Australian government announces to set up national space agency at IAC launch

Australian government announces to set up national space agency at IAC launch

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Australia government announced to establish a National Space Agency
The federal government of Australia announced to establish a National Space Agency from the platform of International Astronautical Congress in Adelaide. Image Credits: theleadsouthaustralia.com

Australia: The long awaited announcement to open the National Space Agency of Australia finally came on Monday from the floor of the International Astronautical Congress in Adelaide. The announcement was made by the South Australian senator Simon Birmingham, who has been lobbying for it with the Space Industry Association of Australia and the South Australian Government.

Senator Birmingham said, “This agency will be the anchor for the domestic coordination and the front door for our international engagement for so many of you from across the world’s space industries.” He added, “I am confident that with our unique geography, South Australia will naturally be at the forefront of an increased Australian engagement in space industries.

Australia is one of the only OECD countries without a national space agency. Space Industry Association of Australia (SIAA) Chair Michael Davis said the SIAA was thrilled with the announcement and expected the agency would promote collaboration between government and industry.

Also Read: National agency will double Australia’s space industry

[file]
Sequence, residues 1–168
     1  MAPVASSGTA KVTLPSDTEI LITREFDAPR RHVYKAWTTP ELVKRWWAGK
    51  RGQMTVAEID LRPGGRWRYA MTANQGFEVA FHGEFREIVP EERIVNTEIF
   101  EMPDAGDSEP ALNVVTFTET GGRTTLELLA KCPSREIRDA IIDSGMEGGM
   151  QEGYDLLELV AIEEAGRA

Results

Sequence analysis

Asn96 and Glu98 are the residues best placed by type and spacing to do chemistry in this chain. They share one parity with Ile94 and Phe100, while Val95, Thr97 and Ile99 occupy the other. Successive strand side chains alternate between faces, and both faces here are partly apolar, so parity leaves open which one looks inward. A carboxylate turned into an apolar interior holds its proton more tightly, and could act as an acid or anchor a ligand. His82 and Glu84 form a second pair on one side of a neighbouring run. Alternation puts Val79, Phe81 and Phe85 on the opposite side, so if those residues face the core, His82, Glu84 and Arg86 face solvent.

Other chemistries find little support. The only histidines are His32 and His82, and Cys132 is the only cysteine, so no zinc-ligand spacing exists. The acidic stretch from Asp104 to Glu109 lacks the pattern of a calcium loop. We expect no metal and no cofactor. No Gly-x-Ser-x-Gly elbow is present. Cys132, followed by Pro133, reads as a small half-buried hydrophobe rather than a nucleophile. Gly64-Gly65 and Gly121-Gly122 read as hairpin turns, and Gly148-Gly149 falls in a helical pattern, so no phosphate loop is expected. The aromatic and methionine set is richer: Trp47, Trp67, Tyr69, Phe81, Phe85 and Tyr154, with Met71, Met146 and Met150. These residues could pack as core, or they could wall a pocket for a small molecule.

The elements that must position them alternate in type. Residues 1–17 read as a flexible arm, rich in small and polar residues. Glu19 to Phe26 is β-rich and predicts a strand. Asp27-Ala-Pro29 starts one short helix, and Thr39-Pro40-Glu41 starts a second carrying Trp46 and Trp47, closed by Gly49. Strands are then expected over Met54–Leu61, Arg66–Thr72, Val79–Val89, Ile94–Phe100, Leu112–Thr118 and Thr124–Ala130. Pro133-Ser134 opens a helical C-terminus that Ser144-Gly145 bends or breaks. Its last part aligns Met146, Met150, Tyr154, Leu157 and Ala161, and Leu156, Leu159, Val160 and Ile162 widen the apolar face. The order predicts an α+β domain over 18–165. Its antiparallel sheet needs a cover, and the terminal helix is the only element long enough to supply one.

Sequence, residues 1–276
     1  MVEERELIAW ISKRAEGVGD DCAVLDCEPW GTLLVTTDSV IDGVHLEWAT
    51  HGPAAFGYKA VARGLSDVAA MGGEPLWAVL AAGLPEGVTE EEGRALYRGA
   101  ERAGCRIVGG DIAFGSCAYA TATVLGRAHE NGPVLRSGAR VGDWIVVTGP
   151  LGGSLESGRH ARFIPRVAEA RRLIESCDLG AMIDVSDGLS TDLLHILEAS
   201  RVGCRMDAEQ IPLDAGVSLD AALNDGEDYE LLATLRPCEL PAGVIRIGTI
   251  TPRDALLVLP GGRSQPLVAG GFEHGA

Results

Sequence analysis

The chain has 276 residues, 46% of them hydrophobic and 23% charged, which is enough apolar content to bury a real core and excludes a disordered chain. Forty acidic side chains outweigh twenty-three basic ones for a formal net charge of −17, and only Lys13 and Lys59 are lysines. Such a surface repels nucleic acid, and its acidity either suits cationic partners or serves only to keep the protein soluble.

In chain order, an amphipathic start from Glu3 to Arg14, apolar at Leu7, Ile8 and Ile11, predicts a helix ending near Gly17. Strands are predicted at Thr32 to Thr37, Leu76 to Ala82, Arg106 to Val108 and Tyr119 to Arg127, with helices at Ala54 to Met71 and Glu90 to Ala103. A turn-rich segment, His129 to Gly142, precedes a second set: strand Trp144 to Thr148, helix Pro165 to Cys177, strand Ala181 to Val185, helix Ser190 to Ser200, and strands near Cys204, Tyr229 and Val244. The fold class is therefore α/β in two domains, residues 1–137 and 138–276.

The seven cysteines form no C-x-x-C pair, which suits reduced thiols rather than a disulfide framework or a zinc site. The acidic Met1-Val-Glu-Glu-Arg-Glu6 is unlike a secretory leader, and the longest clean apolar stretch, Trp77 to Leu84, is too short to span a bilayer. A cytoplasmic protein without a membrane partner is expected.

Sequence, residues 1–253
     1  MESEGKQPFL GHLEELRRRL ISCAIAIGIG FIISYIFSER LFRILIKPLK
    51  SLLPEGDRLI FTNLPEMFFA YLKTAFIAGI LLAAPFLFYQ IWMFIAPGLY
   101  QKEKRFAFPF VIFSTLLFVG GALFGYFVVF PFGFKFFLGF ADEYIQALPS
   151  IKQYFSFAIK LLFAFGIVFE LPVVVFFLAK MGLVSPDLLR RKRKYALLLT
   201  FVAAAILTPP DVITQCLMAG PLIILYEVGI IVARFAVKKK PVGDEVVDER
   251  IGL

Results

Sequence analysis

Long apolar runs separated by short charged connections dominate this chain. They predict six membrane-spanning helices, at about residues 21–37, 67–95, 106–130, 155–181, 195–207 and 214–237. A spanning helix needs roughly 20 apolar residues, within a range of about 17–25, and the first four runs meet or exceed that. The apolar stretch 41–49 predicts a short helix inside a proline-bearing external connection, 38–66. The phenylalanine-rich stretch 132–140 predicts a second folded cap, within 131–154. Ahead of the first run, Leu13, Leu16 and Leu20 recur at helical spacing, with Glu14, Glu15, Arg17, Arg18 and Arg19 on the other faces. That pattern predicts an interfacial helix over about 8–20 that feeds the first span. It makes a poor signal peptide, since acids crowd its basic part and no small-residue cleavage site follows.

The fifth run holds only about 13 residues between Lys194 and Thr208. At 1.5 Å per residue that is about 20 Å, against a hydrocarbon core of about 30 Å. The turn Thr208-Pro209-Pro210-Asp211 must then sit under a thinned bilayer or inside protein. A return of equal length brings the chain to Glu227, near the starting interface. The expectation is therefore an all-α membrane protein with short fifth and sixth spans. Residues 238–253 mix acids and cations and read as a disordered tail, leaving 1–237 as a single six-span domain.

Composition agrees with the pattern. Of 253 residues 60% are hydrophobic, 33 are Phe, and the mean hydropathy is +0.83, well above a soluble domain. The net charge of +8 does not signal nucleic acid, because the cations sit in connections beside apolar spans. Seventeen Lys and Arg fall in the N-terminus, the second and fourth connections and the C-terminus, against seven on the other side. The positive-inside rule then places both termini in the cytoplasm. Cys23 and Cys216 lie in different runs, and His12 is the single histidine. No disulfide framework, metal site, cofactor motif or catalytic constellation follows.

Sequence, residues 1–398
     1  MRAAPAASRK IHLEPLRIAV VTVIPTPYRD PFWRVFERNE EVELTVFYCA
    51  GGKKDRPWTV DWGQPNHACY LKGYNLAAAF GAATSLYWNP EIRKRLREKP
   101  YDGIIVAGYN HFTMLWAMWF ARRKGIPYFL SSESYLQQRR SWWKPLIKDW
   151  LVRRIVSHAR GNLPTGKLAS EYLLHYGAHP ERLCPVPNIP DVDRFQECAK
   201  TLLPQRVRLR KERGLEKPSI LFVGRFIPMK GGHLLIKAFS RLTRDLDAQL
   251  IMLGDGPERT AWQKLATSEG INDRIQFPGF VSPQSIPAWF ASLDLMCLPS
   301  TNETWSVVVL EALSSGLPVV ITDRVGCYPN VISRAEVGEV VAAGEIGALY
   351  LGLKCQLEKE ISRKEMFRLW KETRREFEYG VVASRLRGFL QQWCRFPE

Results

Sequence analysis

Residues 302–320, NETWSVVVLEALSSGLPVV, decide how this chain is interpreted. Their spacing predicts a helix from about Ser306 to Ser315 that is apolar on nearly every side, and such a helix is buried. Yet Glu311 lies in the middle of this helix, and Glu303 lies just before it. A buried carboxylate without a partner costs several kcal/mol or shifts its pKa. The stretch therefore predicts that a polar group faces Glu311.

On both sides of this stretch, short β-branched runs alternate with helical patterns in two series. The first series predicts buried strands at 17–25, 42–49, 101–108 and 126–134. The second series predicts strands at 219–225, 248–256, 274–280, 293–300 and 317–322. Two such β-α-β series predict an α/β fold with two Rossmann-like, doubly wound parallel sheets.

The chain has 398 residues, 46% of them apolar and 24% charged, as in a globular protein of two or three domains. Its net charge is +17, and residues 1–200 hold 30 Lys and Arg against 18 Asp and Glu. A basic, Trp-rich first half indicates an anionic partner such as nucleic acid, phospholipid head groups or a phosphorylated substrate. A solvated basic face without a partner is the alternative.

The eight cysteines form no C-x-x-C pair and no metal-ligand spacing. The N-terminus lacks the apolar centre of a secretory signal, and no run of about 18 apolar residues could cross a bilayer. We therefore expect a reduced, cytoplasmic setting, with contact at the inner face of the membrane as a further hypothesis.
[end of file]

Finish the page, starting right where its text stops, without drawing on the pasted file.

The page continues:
Earlier in March, the SIAA had launched a White Paper asking the Australian Government to establish a national space agency. Senator Birmingham said Acting Minister for Innovation and Science Senator Michaelia Cash would outline further details of the national at a congress lunch tomorrow.

“The aim is to deliver clear economic benefit to the Australian economy and of course, to re-enforce our status as a participant of long-standing in the development of outer space.”

“We will soon take our place at the table of space agencies as major initiatives and cooperative projects are considered and developed.

“Australia has always played a significant role, but we have fallen behind the major nations, especially the European ones and now we can quickly play catch up in this USD 330 billion industry.

“Space is too large, too complex, too important for any one country to seek to do it alone and this congress presents yet another outstanding opportunity to share insights into the future of the global space industry.”

“The global space sector was growing fast and Australia needed to be a part of it,” he said.

“We have listened to the industry and the overwhelming response to our Review has been support for a space agency.”

Praising the decision of the Australian government, NASA’s Acting Administrator Robert Lightfoot said, “From a NASA perpective we’ve had a great partnership with Australia for a long time and I look forward to seeing which areas Australia decides to focus on,” he said.

Whereas, European Space Agency Director General Jan Woerner called it a welcome step and said, “At the beginning of the ‘60s Australia was an associate member of the European Launch and Development Organisation (ELDO) So we are really happy we can continue our strong cooperation.”

Some other major space agencies heads, which included JAXA President Naoki Okumura and Canadian Space Agency (CSA) President Sylvain Laporte, also praised Australia’s decision to establish a national agency.